(Pic credit: Five Foot Traveller)

It was the sound of flapping that woke me up that night. Wings, somewhere in the dark. It wasn’t anything large, for that would have been terrifying. It was a small insect, but the silence and the darkness amplified the sound of its wings.

My tent mate Nicole was tossing and turning noisily in her sleeping bag, probably in an attempt to scare the thing away. I was as still as a mummy wrapped in linen. As long as it stayed away from me, I was fine. As my friend thrashed away at her side of the tent, I directed my thoughts towards the insect, willing it to stay put and not come anywhere near me.

There was no trace of the insect the next morning. It had either died in the night, or flown out quietly. On my way out to have a shower, I saw how it had come to invade our space: one of us hadn’t zipped up the tent properly. This was not a good idea — we were in Africa and camping in the Namib Desert, an area where scorpions are known to thrive. One of them could have easily crawled in.

At 20 million years old, the Namib is the world’s oldest desert. It is also possibly the most beautiful. Its dunes, some well over a thousand feet high, are a striking dark orange in colour.

About a week earlier, I joined a camping group in Cape Town. Apart from a married couple from South Korea, I was the only Asian. We left in a large truck we would later nickname “Whitney” and reached the Namibian border two days later.

The Immigration officer had probably never seen a Malaysian passport before. I heard him mutter, “Malasia, Malasia,” as he frowned at a chart on his desk. Five minutes later, after being satisfied that I didn’t need a visa to enter his country, he stamped my passport and let me through.

For much of the trip, I was completely cut off from the rest of the world. I didn’t have a phone line or Internet connection, even at the better campsites. Our guide and our driver, both from Zimbabwe, were the only ones who could use their phones.

(Pic credit: Five Foot Traveller)

In a day and age when we are expected to be connected 24 hours a day, I rejoiced in being miles away from civilisation. Before leaving South Africa, I had sent messages to my family and closest friends on my whereabouts, and that was good enough. As far as I was concerned, nobody else needed to know where I was.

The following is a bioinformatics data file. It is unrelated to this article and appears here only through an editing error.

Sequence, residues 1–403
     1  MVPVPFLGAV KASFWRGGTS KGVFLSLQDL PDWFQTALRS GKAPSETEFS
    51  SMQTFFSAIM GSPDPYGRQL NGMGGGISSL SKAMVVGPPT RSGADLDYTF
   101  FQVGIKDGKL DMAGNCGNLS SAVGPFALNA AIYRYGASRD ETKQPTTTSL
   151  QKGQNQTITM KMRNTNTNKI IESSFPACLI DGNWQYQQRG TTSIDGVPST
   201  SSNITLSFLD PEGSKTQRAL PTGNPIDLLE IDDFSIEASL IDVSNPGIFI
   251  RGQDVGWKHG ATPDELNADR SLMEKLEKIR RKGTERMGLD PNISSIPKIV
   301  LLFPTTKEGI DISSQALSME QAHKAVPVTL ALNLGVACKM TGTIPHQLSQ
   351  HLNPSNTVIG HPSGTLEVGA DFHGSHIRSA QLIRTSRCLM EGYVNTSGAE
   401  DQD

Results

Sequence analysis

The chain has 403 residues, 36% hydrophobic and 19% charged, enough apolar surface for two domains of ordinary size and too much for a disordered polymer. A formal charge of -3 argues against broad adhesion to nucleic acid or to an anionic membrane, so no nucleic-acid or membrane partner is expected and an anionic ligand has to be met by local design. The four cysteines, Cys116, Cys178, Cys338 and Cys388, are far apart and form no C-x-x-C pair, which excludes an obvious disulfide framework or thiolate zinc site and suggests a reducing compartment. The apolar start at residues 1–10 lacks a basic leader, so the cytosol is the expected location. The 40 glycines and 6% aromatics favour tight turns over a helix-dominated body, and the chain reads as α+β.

For ten days, every day, we had to pitch our tents in the afternoon and take them down again the next morning. On some occasions, we had to take our tents down in the dark before the sun came up.

For ten days, there were no unwanted text messages from banks, developers or telco companies promoting their latest credit facility, housing project or chat line. There were no annoying calls urging me to join programmes which would give me five-star hotel stays for the rest of my life.

For ten days, there was peace and quiet, and just the world around me.

It wasn’t just the absence of a phone signal or Wi-Fi connection that made a difference. Our campsites had proper toilets and showers but because they ran on generators, most places switched off their electricity supply after 10 o’ clock. In more remote places, there wasn’t any electricity at all, so we had to use torchlights and headlamps.

My favourite time in the Namib desert was at night. I would lie in my tent and look at the millions of stars above me and listen to the sounds of wild animals.

It occurred to me early in the trip that when your days are filled with important things, connectivity and the Internet are mere distractions. They are not essential in our lives, not all the time. Even now, there is freedom in switching off my data connection when I don’t need it, and not posting a new photo or another devastatingly witty status update.

When you go back to the basics, all that matters is a warm sleeping bag, a patch of dry ground to lie on, and no creepy-crawlies in your tent.


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